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Immigration and Justice: The Allocation of Goods to Newcomers from the (Former) Soviet Union in Israel1

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This paper looks at ways in which notions of membership and of just allocation were articulated in the everyday practices of a voluntary organization set up in the early 1990s to distribute clothing and household goods to newcomers from the (former) Soviet Union in Israel. Based on an ethnographic account of the distribution centre, this paper describes its underpinning ideology and demonstrates the implications of this ideology for the rules governing the allocation of goods. The paper analyzes three inter-related axes around which notions of rules of just allocation were equivocally interpreted and implemented. The first of these axes related to the discourse of justice deemed most appropriate to the newcomers; the second to the status of the newcomers; and the third to the creation of social categories—primarily defined in ethnic terms—and the hierarchical relationships between them.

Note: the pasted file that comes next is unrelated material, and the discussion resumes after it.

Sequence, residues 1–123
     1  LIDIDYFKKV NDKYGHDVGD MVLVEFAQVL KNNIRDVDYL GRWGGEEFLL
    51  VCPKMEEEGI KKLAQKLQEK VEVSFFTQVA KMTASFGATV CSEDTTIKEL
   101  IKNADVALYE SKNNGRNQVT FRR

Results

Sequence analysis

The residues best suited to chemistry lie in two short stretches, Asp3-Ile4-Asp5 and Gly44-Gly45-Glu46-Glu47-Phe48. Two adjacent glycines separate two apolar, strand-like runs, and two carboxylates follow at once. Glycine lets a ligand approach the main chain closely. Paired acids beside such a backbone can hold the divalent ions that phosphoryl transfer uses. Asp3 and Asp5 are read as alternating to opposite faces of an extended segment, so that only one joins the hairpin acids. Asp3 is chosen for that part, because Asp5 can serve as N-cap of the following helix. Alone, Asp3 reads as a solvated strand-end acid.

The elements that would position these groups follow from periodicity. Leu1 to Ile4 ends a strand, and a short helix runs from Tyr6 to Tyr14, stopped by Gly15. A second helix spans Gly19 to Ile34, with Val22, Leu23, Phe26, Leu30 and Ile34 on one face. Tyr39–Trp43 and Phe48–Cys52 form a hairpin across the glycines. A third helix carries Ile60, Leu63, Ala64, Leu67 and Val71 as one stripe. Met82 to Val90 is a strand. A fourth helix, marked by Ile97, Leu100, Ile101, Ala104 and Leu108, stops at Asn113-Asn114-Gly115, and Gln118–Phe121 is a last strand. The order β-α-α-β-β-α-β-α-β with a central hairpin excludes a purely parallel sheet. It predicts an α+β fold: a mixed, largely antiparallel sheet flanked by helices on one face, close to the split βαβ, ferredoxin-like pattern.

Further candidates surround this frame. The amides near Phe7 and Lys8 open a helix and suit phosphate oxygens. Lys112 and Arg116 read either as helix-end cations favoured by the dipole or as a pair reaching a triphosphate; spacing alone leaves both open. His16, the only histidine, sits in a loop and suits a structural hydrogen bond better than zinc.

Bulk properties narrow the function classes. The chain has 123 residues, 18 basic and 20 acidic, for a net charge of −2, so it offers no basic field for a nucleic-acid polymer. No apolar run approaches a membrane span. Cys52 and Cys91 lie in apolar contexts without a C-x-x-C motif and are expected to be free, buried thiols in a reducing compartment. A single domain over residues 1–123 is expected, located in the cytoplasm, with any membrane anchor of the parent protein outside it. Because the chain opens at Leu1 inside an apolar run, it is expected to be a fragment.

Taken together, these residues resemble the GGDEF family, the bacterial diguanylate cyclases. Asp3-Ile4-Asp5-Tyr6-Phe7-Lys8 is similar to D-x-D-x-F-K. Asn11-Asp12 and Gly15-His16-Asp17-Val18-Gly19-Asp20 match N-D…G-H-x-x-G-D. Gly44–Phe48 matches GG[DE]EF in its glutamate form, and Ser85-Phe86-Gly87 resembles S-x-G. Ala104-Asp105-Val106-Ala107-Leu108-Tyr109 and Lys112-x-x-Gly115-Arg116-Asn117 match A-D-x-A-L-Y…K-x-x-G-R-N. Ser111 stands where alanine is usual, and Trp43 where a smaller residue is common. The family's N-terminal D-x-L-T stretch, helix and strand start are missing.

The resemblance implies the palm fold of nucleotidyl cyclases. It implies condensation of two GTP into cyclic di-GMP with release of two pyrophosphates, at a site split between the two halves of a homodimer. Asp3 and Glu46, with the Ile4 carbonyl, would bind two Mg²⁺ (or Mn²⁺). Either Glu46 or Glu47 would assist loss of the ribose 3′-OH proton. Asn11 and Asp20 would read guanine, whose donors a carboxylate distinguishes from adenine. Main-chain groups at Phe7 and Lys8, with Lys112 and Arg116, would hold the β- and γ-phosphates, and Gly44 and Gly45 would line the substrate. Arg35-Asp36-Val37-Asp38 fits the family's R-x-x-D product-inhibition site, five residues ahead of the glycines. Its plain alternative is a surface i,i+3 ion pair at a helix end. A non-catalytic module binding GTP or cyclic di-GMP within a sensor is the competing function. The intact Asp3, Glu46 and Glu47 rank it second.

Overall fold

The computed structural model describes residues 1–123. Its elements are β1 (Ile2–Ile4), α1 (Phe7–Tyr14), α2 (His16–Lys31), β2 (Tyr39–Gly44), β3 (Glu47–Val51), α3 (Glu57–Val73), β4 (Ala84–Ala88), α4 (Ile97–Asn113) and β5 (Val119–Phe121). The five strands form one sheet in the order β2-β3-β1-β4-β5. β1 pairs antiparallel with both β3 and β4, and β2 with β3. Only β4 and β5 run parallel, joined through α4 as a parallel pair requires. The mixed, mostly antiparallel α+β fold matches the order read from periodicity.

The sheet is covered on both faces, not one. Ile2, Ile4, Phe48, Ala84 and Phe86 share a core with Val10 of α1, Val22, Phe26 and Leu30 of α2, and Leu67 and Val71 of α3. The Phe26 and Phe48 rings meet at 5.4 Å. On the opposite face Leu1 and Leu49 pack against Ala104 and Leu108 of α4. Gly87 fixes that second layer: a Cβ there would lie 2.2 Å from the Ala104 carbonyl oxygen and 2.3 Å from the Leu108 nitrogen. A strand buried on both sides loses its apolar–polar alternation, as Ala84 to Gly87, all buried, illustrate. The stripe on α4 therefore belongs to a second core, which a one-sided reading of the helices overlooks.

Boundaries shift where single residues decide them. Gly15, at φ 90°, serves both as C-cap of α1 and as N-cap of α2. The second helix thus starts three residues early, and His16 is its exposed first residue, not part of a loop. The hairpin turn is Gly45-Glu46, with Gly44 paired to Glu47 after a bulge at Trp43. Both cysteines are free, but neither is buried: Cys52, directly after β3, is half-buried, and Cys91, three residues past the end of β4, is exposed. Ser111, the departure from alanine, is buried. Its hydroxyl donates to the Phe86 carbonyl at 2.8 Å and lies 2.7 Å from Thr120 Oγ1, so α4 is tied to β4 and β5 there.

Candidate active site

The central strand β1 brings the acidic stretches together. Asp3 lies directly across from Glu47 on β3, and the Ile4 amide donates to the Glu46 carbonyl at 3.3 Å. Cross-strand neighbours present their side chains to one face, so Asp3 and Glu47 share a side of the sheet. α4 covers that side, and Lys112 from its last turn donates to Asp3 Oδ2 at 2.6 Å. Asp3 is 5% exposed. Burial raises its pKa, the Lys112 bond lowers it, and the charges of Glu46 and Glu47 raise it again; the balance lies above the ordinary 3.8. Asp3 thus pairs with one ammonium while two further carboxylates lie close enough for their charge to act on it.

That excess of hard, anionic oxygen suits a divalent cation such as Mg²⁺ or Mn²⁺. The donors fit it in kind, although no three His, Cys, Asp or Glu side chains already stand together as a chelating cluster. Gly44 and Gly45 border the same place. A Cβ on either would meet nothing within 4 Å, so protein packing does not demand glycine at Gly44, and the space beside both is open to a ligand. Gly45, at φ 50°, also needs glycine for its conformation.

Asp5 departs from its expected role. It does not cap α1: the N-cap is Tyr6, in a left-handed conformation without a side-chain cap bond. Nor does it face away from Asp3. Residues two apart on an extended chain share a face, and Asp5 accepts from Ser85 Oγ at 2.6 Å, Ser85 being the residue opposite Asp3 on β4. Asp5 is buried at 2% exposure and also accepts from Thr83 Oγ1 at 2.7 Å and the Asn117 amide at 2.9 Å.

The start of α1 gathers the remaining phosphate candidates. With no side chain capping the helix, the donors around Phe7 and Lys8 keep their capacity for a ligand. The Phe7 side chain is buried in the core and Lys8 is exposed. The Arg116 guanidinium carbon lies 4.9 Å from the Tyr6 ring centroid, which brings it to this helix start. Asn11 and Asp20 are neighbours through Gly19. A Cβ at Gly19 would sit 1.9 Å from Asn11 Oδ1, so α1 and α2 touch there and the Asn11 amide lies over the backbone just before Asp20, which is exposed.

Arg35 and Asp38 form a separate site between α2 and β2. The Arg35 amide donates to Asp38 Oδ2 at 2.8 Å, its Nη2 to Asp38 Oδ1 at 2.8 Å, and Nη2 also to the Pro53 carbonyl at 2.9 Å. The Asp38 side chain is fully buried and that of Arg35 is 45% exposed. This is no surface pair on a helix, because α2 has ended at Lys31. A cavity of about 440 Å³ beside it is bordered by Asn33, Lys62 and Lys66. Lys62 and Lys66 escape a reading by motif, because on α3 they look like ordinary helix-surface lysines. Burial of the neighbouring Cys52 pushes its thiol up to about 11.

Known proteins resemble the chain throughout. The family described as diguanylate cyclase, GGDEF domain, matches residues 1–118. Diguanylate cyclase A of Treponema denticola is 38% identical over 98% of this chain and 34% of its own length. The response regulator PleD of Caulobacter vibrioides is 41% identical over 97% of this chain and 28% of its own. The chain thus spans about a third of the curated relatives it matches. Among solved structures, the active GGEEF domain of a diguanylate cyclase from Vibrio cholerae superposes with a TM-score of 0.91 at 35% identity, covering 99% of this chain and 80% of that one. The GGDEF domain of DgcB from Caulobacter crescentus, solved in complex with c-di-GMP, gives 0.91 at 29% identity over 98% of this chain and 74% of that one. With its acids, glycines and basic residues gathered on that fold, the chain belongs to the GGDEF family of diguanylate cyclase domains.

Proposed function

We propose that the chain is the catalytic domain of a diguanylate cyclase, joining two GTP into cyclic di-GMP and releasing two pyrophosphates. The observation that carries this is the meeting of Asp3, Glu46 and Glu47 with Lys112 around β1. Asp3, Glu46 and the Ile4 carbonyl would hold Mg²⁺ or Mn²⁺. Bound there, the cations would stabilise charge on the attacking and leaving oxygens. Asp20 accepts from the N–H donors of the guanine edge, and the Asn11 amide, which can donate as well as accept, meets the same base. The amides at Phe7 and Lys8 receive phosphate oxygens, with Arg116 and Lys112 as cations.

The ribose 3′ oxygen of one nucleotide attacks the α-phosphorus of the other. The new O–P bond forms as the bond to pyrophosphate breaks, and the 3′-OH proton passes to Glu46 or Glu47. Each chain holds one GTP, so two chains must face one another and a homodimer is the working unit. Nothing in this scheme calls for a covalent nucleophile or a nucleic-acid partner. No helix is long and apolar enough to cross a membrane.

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Keywords: Distributive Justice; Ethnicity; Immigration; Israel; Volunteering

Document Type: Research Article

Publication date: 01 September 2005

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